STEM newsletter

Universal modelling experience

30 July 2007

People typically find out about STEM from colleagues in the context of a particular modelling application (“have a look at this network transformation model for NGN”), or by searching the Internet for information on particular technologies (“WiMAX business model”). What may be less obvious is that STEM is not limited to the first set of icons you see. STEM’s graphical interface can provide a dynamic and intuitive picture of the dependencies in any telecoms business, directly facilitating team working. The common interface and model structure have everyone talking the same language without needing additional explanation of how a particular spreadsheet works.

STEM does mobile; it also does fixed. STEM models TDM; it also models NGN. STEM handles GSM; it also handles CDMA. STEM supports new services; it also supports convergence. In fact STEM is deliberately technology neutral, in the sense that dimensioning rules specific to any given technology will be encapsulated at the model level, rather than embedded in the software itself.

This has numerous advantages for the user: for a start, there is no software lead time to be able to model something in STEM, and there is flexibility to model changing specifications for technologies, which often reach the market ahead of the standardisation process. Most importantly, you can combine multiple technologies directly in the same model, either to compare two parallel technologies, or to model a transition from one to another.

We regularly address new topics and technologies in client workshops and online demonstrations, and we will showcase this established modelling process in a series of interactive sessions at the STEM User Group Meeting in September.

Bespoke modelling every time

We advertise a number of reference models on our website on topics such as FTTX or VoLTE. In fact these are a by-product of the regular interaction we have with our clients around the world which we save out as documentation to provide inspiration to our users. For any individual client, there are always specific factors which make their case special, and unique drivers which can make or break their particular case. Two recent examples may give a taste of the flexibility on offer.

Satellite broadband

A satellite operator may offer, or consider offering, different bandwidth rate services across different international markets, and may wish to optimise current transponder capacity, or evaluate the business case for launching additional vehicles. A STEM model was readily tailored to current subscriber numbers, and customised with an asymmetric bandwidth model to reflect the fact that service packages are typically 2–4 times faster outbound than inbound, due to different efficiency in the technology going from bandwidth to frequency.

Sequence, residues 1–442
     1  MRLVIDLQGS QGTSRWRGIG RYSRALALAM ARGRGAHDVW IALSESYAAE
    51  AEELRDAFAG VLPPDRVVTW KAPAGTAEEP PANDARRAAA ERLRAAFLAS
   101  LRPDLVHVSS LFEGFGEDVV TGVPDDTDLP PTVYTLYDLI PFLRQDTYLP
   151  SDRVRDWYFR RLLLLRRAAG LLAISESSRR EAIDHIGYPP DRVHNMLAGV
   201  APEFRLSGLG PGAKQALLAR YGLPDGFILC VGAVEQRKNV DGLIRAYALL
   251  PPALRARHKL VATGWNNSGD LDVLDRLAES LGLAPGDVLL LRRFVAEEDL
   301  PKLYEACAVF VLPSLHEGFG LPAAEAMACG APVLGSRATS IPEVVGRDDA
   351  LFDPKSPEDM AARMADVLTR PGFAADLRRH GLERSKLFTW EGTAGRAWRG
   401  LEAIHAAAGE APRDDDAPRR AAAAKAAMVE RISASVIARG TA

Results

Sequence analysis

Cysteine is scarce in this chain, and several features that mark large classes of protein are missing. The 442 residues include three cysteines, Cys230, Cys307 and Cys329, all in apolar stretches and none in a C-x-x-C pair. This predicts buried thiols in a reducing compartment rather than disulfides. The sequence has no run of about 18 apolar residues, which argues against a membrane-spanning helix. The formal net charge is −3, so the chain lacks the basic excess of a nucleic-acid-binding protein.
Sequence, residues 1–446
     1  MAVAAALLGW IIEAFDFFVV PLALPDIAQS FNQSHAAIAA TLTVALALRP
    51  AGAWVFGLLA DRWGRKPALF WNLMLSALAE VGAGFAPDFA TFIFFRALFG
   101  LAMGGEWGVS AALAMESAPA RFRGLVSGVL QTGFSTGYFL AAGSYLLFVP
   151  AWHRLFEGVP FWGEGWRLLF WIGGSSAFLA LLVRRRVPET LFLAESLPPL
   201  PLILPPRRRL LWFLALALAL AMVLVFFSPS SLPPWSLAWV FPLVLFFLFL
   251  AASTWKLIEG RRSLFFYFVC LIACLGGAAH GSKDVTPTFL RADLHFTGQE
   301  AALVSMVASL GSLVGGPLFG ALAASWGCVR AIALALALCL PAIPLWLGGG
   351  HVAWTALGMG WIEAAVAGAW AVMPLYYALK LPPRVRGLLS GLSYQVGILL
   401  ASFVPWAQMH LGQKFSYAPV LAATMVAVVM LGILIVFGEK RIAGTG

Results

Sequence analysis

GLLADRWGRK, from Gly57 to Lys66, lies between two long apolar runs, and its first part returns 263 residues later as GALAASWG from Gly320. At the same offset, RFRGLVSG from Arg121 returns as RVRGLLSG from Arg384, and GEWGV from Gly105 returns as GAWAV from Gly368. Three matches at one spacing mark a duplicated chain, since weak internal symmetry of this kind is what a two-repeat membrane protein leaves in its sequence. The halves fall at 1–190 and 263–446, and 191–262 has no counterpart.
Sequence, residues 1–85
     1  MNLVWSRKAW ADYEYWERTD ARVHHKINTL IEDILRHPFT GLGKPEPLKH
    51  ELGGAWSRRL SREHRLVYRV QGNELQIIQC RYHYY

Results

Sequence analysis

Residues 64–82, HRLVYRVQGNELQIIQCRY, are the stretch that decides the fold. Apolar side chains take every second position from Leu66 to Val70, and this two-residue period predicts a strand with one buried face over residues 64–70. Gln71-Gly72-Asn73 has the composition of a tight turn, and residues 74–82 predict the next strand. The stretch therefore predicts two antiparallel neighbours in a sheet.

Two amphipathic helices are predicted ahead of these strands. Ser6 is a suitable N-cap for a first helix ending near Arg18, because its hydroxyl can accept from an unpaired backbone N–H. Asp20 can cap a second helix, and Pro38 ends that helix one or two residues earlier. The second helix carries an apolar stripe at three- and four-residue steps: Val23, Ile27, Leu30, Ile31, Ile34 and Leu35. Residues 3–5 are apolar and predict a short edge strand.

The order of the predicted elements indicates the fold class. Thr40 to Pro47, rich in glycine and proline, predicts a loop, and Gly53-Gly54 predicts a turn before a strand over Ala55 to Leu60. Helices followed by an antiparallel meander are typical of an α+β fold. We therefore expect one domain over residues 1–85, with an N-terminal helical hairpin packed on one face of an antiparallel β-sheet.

Satellite broadband model structure

We easily added demand scenarios to the model, considering phased expansion into other territories with respective adverting, sales and administration overheads, and also measured sensitivities (as tornado charts) to changes in market penetration for the various services.

Satellite broadband model results

Fixed-mobile convergence

Everyone is considering converged solutions, trying to understand the appeal and revenue-retention possibilities of a fixed-mobile offering. We explored a demographic split by revenue and calling patterns and just one tentative network configuration. We expect to explore many similar scenarios in the coming years as early innovators stimulate other operators to experiment and compete with their own packages which may be differentiated by different technology platforms, service bundles or pricing.

Fixed-mobile convergence model structure

Business modelling by storm

We will showcase the development of a complete business-case model in a series of interactive sessions at the STEM User Group Meeting in September 2007. The focal point of the event will be a two-track interactive modelling exercise designed to showcase the apparently magical, whiteboard-to-STEM process which we promote in our regular training workshops. We establish a clear outline of an intended business structure, and then translate this into the service/resource structure required to define the necessary inputs:

  • the mix of segments and services considered
  • a list of significant cost items

the drivers which dimension the cost items (i.e. the capacity required to provision the service to end-users).

Over three parallel sessions, we will develop a business model for an online conference provider offering integrated Web conferencing, VoIP and messaging solutions. We will explore the target market segments, consider different user profiles and model the technical drivers for deployment of network resources, as well as the commercial overheads essential to all such business-case analysis.

The novice track will be led by one of our consultants, who will coach delegates in modelling, checking results at each stage and with some passing mental arithmetic to verify key orders of magnitude. The expert track will entertain a STEM support engineer and will focus on best practice and conceptualisation, as well as how to benefit from new features of STEM 7.1 and the improved interface with Excel.

In a final, umbrella session, the two parallel models will be presented and compared, with each team offering valuable insights and lessons to the other.

Umbrella image: © lakewentworth

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